Kayaking on the Susquehanna River near Harrisburg. Photo credit © Miguel Angel de la Cueva/iLCPA kayaker enjoys the Susquehanna near Harrisburg. Photo © Miguel Angel de la Cueva/iLCP

The Susquehanna River

The Chesapeake Bay is essentially the Susquehanna River's valley floor. It is the tidal portion of the Susquehanna. The river and the Bay are two integral parts of one ecosystem. continued below

Map of the Susquehanna River drainage basin

Before There Was A Chesapeake Bay

Twenty thousand years ago, during the last Ice Age, sea level was about 330 ft. lower than it is today. At that time, the Susquehanna flowed from the edge of the polar ice cap (in what is now north central Pennsylvania) down to the Atlantic. All of the rivers in what is now the Chesapeake drainage basin flowed into it.

As the earth warmed up and sea level rose, the Atlantic backed up into the Susquehanna's valley floor, forming the Chesapeake Bay and the tidal portions of rivers like the Potomac and the Nanticoke.

The Susquehanna's large drainage basin, or watershed, means the pollution that flows into Pennsylvania rivers and streams ultimately finds its way to the Chesapeake Bay. 

The Mighty Susquehanna Is Ailing

Many of Pennsylvania's waterways suffer from an overload of pollution from many different sources, including agriculture and stormwater. In 2010, a study conducted by the U.S. Geological Survey reported that 90 percent of male smallmouth bass in a sampling from the Lower Susquehanna contained immature egg cells. The findings continue. In fact, fishermen and scientists alike have been finding sores and lesions on smallmouth bass for more than a decade.

One intervention that could be instrumental in improving the river's health is including it in the Environmental Protection Agency's 303(d) Impaired Waters List. This list includes rivers and streams across the country that are significantly impaired and designates them for additional study and superior restoration investments and ensures that each of these waterways will have a recovery plan.

CBF has been petitioning Pennsylvania's governors and Department of Environmental Protection (DEP) to include the Lower Susquehanna in its 303(d) recommendations for several years. Although DEP has increased study of the river's impairment, it still has not recommended inclusion on the Impaired Waters List. Meanwhile, the health of the smallmouth bass fishery continues to suffer.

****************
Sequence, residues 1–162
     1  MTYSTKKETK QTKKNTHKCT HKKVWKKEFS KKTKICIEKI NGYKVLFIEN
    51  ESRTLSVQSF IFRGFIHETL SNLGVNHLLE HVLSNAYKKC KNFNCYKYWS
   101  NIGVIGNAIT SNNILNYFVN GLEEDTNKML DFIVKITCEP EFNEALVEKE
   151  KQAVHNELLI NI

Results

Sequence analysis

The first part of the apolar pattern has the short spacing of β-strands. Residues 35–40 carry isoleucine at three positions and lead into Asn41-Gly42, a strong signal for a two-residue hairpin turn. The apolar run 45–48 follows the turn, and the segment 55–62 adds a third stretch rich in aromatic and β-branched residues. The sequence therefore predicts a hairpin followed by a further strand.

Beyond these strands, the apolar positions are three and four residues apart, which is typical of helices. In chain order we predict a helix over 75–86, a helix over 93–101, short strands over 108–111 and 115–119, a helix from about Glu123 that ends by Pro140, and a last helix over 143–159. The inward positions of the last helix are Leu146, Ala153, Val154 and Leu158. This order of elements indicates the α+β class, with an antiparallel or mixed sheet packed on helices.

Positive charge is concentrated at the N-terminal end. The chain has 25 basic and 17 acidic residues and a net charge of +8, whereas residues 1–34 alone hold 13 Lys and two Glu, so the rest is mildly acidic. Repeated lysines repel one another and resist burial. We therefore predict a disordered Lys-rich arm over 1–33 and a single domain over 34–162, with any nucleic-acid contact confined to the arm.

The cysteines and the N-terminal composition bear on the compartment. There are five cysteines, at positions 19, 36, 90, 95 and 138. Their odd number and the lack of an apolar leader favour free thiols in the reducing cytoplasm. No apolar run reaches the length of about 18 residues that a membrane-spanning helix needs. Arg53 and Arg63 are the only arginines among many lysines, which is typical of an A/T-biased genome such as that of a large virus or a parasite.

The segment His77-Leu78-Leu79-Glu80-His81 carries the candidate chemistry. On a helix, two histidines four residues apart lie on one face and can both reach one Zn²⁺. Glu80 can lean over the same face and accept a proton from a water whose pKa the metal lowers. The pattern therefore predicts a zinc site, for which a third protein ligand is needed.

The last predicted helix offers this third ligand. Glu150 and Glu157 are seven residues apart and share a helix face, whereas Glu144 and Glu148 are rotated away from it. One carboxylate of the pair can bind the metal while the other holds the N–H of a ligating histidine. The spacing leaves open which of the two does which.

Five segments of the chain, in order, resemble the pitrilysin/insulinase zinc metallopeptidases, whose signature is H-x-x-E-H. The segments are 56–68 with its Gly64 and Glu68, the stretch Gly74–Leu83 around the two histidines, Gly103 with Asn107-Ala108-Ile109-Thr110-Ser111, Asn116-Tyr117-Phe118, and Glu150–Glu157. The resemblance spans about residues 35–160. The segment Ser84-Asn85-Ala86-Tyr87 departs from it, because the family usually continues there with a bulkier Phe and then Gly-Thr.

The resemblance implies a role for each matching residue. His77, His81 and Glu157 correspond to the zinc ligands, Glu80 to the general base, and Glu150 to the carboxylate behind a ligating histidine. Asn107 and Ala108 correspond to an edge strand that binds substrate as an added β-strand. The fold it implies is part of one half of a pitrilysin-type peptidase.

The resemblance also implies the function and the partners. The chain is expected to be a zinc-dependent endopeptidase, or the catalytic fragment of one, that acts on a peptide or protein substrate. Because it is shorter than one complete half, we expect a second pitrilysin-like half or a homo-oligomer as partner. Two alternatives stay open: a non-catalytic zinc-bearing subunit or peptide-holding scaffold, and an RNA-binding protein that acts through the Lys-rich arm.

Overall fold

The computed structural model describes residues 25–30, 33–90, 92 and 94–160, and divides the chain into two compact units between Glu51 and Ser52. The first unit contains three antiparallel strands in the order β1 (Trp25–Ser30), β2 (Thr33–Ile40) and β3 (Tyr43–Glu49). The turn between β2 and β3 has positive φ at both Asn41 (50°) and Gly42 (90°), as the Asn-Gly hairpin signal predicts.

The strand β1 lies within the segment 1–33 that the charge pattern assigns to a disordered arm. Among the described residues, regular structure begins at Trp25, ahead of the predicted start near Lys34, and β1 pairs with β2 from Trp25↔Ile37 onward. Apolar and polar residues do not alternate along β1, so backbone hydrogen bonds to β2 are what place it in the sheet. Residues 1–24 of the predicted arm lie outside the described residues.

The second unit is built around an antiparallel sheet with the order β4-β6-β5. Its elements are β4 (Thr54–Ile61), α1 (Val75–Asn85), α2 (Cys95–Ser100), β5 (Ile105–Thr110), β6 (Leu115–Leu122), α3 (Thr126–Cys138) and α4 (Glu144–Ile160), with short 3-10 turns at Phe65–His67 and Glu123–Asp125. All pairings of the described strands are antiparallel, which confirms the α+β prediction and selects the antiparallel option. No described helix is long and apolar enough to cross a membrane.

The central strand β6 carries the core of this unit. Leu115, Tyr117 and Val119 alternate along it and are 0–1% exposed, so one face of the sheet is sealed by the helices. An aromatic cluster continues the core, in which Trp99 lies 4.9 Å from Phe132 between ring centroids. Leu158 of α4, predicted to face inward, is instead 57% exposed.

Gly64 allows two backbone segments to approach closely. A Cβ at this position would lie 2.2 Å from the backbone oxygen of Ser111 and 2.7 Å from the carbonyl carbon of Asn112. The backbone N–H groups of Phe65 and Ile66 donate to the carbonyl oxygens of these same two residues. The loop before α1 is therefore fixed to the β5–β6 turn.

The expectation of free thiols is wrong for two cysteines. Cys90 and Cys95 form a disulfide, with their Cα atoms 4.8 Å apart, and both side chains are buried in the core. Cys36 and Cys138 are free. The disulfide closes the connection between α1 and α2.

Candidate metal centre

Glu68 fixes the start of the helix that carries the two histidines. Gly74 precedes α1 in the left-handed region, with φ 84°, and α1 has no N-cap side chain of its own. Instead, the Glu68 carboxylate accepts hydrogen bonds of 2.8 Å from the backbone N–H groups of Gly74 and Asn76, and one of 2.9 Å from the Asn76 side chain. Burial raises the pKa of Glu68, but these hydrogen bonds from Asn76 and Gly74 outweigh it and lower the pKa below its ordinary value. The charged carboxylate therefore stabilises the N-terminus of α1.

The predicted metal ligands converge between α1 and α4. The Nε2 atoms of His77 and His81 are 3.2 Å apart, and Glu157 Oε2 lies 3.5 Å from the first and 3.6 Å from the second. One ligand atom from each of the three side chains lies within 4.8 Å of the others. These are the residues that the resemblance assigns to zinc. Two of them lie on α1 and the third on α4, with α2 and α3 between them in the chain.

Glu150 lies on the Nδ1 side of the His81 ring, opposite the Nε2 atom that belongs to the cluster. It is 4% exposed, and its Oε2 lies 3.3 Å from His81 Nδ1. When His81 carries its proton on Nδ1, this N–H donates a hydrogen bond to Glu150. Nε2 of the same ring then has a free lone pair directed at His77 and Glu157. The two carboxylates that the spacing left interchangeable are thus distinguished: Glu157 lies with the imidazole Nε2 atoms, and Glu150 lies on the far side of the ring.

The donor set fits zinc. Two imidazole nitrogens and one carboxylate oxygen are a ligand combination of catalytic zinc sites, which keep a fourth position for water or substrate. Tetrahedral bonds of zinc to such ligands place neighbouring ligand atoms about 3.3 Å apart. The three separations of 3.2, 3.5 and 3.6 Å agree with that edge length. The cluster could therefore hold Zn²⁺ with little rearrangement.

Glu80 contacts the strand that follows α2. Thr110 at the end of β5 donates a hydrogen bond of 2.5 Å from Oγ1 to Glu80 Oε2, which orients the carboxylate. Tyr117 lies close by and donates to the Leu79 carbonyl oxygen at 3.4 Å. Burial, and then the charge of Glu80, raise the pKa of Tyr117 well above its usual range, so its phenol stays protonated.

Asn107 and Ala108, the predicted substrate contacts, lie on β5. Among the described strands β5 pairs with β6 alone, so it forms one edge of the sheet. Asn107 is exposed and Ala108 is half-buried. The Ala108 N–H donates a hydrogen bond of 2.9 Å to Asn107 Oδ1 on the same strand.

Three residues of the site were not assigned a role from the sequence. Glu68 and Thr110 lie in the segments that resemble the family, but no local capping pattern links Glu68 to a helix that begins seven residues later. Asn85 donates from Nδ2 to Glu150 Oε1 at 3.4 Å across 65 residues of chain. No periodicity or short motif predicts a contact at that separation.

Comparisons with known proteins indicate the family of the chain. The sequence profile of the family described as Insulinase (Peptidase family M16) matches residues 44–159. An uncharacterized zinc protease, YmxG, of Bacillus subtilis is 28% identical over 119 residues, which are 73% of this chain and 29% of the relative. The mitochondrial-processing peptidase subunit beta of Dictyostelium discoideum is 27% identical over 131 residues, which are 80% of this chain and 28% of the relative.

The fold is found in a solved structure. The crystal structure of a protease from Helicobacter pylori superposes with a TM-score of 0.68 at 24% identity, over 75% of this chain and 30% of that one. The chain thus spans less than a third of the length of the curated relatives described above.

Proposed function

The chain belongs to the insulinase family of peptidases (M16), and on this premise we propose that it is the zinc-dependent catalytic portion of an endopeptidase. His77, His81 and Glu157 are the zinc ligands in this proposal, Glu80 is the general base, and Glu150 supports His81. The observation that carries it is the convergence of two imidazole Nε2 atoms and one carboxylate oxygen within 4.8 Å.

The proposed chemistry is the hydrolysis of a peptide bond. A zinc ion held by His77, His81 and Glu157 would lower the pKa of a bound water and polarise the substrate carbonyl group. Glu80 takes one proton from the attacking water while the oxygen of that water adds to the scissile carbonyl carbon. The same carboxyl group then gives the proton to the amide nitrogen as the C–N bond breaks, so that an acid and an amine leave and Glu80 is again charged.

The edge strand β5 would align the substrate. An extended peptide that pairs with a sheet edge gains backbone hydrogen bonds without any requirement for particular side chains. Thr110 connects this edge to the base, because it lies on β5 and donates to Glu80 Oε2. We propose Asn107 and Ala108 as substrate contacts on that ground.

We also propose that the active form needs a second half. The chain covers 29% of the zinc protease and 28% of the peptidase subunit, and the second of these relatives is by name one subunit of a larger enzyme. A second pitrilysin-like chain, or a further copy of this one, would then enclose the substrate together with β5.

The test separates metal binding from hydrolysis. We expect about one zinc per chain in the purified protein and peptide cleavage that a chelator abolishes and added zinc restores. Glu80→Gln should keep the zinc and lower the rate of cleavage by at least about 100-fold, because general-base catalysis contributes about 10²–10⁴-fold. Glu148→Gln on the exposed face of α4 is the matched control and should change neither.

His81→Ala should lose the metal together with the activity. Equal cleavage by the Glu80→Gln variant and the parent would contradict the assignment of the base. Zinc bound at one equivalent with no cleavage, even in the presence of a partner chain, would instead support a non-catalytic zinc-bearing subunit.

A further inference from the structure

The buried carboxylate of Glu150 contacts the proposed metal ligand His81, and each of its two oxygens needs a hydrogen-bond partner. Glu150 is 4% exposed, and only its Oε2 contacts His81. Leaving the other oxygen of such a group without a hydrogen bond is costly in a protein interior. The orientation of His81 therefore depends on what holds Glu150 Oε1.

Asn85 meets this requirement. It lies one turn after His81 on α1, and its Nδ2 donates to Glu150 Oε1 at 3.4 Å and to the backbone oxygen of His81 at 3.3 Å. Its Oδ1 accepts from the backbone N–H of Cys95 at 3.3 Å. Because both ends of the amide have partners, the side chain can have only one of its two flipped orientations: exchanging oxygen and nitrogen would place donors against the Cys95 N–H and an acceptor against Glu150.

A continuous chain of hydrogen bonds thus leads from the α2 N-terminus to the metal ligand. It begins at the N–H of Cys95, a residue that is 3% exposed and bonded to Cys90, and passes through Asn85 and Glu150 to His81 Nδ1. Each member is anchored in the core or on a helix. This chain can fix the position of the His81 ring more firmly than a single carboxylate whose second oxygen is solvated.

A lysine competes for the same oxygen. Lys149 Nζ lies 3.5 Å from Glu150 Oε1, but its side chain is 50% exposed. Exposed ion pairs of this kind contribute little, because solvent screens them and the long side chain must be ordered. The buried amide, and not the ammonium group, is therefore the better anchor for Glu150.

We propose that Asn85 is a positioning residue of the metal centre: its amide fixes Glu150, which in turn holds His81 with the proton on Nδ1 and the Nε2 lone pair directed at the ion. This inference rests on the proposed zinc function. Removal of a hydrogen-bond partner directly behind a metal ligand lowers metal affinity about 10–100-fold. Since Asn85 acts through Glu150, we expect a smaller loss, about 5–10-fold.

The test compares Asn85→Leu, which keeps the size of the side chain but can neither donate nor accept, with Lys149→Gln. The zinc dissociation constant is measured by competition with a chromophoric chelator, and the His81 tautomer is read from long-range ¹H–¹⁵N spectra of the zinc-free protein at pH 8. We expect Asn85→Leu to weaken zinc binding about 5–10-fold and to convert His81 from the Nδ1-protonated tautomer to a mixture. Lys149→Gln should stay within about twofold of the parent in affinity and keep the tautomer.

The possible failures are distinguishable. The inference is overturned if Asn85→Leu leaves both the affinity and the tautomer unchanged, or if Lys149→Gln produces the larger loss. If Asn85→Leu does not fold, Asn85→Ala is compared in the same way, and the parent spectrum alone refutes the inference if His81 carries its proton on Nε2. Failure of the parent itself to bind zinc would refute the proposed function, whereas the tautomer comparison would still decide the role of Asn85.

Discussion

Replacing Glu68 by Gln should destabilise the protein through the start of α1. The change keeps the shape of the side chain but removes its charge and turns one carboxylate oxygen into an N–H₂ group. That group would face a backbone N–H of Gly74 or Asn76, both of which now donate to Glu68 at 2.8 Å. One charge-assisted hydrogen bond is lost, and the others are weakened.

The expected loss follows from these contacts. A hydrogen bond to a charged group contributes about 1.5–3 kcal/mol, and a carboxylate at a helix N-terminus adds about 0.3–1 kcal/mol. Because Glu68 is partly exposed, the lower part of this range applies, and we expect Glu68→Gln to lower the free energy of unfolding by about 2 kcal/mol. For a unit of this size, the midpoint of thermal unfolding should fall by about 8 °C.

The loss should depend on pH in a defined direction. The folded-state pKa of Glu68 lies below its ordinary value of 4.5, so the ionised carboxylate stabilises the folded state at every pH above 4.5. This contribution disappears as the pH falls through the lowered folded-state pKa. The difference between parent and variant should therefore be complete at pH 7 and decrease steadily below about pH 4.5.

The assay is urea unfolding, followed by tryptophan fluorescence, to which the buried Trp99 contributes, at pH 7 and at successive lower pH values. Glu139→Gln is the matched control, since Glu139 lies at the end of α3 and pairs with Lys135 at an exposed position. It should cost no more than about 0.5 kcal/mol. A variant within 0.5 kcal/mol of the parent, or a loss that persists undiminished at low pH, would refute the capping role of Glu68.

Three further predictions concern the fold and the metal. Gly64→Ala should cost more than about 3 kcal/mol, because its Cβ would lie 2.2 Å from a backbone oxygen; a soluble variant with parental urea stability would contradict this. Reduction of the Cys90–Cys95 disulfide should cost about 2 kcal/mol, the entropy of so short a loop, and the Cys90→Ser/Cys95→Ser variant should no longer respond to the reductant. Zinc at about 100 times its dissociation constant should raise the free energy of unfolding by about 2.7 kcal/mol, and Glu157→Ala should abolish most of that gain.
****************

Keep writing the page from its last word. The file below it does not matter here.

The Susquehanna River is the source of drinking water for millions of Pennsylvanians and is an economic engine for tourism and recreation. Though the river's health is making progress under Pennsylvania's Clean Water Blueprint, agricultural runoff, acid mine drainage, and polluted urban runoff continue to contaminate the Susquehanna, its tributaries, and the Chesapeake Bay.

Baltimore Law Firm Urges Counties to Delay Local Cleanup Efforts

Local water quality is at risk of continuing to suffer in some rural Maryland counties. Claiming pollution coming down the Susquehanna River from New York and Pennsylvania and trapped behind the Conowingo dam needs to be addressed first, several counties on the eastern and western shores of Maryland are considering not moving forward with their part of the Clean Water Blueprint and protecting their local water quality. 

The Baltimore law firm Funk & Bolton is urging them to delay. 

Read More

NASA image shows high level of high levels of contaminants to the Susquehanna River and the Chesapeake Bay delivered by Tropical Storm Lee. Image: NASA/GSFC, Rapid Response

Rains from the remnants of Tropical Storm Lee delivered high levels of contaminants to the Susquehanna River and the Chesapeake Bay. Find out more about the impact upstream stormwater has on water quality in the Bay.

NASA/GSFC, Rapid Response

Questions that require an answer are marked with  *
* Please take a moment to provide the following information so that we may keep you updated on issues and events near you.
 E-Mail Address
 First Name
 Last Name
 Zip Code
* Timestamp

You will begin to receive Bay updates from CBF soon.

In the meantime, join the Bay-friendly conversation on Facebook and Twitter!


1-888-SAVEBAY / 1-888-728-3229

BBB Accredited Charity
GuideStar Exchange Gold Participant Seal

Bids & ProposalsPrivacy Policy

© 2017 Chesapeake Bay Foundation.
All Rights Reserved.

The Chesapeake Bay Foundation is a nonprofit,
tax-exempt charitable organization under
Section 501(c)(3) of the Internal Revenue Code.
Donations are tax-deductible as allowed by law.